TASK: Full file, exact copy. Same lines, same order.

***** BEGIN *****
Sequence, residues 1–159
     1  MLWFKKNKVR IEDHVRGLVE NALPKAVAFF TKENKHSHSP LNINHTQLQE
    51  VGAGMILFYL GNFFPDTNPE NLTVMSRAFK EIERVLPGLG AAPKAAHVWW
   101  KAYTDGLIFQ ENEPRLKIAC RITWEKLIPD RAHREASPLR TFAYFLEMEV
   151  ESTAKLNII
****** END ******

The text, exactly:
Sequence, residues 1–159
     1  MLWFKKNKVR IEDHVRGLVE NALPKAVAFF TKENKHSHSP LNINHTQLQE
    51  VGAGMILFYL GNFFPDTNPE NLTVMSRAFK EIERVLPGLG AAPKAAHVWW
   101  KAYTDGLIFQ ENEPRLKIAC RITWEKLIPD RAHREASPLR TFAYFLEMEV
   151  ESTAKLNII